A soft toy Megatherium.  A giant ground sloth soft toy.

Picture Credit: Everything Dinosaur

Evolved in South America

These large mammals originally evolved in South America, but spread into North America when the American land bridge was formed.  Numerous fossils have been discovered including preserved hair, fossilised footprints and fossil dung (coprolite).  Fossils of giant ground sloths were studied by Charles Darwin as part of his scientific research whilst voyaging on the Beagle in the 1830’s, although the first recorded study of Megatherium fossils took place much earlier (1789).

To view the new for 2018 Megatherium soft toy and Everything Dinosaur’s full range of prehistoric animal soft toys: Ice Age and Prehistoric Animal Soft Toys

Giant Megatherium Soft Toy

Standing a fraction under thirty centimetres tall and measuring around twenty-five centimetres in length, this really is a super-sized, giant ground sloth soft toy.  His fur is very soft and our Megatherium is sponge washable so he (or she), can accompany your young palaeontologist on their fossil finding adventures.  To clean this soft toy giant ground sloth, simply wipe his fur with a damp cloth or sponge, using some mild soap and when it is dry, simply brush gently to restore the pile of the fur.  Like the majority of the soft toys supplied by Everything Dinosaur, the Megatherium is suitable for very young children, from nought years and upwards.

The Megatherium Soft Toy has a Very Appealing Face

The Megatherium soft toy.

A close-up of the head of the Megatherium soft toy.

Picture Credit: Everything Dinosaur

An Endearing Megatherium Soft Toy

It is quite an endearing looking animal.  It has tiny brown ears, sticking up out of its thick, fudge coloured fur and it has a very cute face.  We think that lots of young prehistoric animal fans are going to adore this latest edition to our product range.  The word “Megatherium” means “great beast”, so we think that many children are going to have a great time with this particular prehistoric animal soft toy.  Even the claws are beautifully created, they are white felt and check out this soft toy’s beautifully soft foot pads.

Sales of this item help to support the Natural History Museum in London.  Megatherium might be extinct, but this prehistoric animal will find a whole new generation of admirers thanks to this new plush.

27 01, 2018

JurassicCollectables Reviews the CollectA Deluxe Styracosaurus

By | January 27th, 2018|Dinosaur Fans, Everything Dinosaur videos, Main Page, Photos of Everything Dinosaur Products|0 Comments

CollectA Deluxe Styracosaurus Reviewed by JurassicCollectables

The very talented people at JurassicCollectables have produced a video review of the CollectA Deluxe Styracosaurus figure.  Over the last few weeks, our team members have been working on a variety of projects, so we are only just getting up to speed with the latest video reviews from this website that now boasts over 61,000 subscribers.  It is great to see a video of this model, one of the most spectacular recent additions to the CollectA Deluxe range.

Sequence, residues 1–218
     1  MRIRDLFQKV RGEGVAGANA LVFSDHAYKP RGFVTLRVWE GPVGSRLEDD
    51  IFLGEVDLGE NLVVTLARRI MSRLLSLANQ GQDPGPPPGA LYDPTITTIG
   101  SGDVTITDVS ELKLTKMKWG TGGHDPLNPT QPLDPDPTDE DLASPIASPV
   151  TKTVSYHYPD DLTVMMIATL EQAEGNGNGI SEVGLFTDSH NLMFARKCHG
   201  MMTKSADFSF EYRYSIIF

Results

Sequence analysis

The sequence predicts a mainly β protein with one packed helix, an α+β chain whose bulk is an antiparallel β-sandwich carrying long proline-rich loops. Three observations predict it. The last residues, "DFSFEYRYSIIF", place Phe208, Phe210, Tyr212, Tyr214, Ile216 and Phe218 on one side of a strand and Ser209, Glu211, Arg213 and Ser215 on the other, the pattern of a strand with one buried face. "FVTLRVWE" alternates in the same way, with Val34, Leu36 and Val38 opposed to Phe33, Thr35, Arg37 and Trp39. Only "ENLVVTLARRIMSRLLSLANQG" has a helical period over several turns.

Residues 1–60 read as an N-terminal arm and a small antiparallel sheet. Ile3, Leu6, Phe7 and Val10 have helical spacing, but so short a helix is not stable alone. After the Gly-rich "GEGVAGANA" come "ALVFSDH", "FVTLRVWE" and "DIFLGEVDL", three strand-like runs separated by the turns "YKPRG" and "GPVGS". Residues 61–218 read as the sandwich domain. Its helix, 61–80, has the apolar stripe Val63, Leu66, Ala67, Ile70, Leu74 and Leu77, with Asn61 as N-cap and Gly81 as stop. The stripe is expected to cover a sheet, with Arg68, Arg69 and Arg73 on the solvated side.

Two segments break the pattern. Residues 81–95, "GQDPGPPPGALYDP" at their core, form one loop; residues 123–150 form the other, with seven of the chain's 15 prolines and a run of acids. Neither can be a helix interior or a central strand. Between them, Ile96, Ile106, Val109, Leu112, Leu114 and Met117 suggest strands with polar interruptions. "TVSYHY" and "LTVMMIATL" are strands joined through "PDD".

The JurassicCollectables Deluxe Styracosaurus Model Review

Video Credit: JurassicCollectables

“Spike Lizard” – Reviewed

In this video, which lasts a little over eight and half minutes, the narrator takes the viewer on a tour of the features of this substantial model.  The CollectA data card that accompanies the figure is also discussed, it is true that this iconic dinosaur was named in 1913.  Styracosaurus (S. albertensis) was named and described by the famous Canadian palaeontologist and geologist Lawrence Lambe, it is one of a number of prehistoric animals described by Lambe from fossils found in the Canadian Province of Alberta.  The video focuses on the incredibly detailed skull and stunning array of spikes.  The photography is supported by clear oratory, as the speaker comments on the various features that this model possesses.  Just like the figure itself, there is plenty of detail, note is made of the high gloss effect on the orbit, giving the eye a realistic wet look.

To view the CollectA Deluxe Styracosaurus model and the rest of the CollectA Deluxe range available from Everything Dinosaur: CollectA Deluxe Prehistoric Life

A Glorious Head Sculpt

Given the fact that this Late Cretaceous Ornithischian had one of the most elaborate frills of any horned dinosaur, it is only natural that the video review should dwell on the skull and jaws.   This figure is described as having a “glorious head sculpt” and in the video, the viewer is given the opportunity to view this beautifully painted head from a variety of angles.   The edentulous (toothless) beak is discussed and comments are made as to the finish on the spectacular horn and spikes.

JurassicCollectables have produced several CollectA model reviews, these have all been posted up onto their popular YouTube channel.  This channel is well-worth checking out and Everything Dinosaur recommends that model fans subscribe.

To visit the YouTube channel of JurassicCollectables: Visit the YouTube Channel of JurassicCollectables

Subtle Variation in the Skin Colouration